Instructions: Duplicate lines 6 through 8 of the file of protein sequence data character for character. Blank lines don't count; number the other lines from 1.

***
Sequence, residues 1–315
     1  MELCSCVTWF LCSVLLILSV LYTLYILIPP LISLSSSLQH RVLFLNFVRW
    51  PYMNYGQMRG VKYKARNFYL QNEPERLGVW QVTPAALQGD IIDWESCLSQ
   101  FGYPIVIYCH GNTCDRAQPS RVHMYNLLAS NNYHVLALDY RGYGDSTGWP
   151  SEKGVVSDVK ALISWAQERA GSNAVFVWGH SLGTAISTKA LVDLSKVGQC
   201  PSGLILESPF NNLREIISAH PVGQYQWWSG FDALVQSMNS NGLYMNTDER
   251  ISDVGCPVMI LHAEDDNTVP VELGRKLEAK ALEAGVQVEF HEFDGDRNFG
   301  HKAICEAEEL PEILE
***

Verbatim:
   201  PSGLILESPF NNLREIISAH PVGQYQWWSG FDALVQSMNS NGLYMNTDER
   251  ISDVGCPVMI LHAEDDNTVP VELGRKLEAK ALEAGVQVEF HEFDGDRNFG
   301  HKAICEAEEL PEILE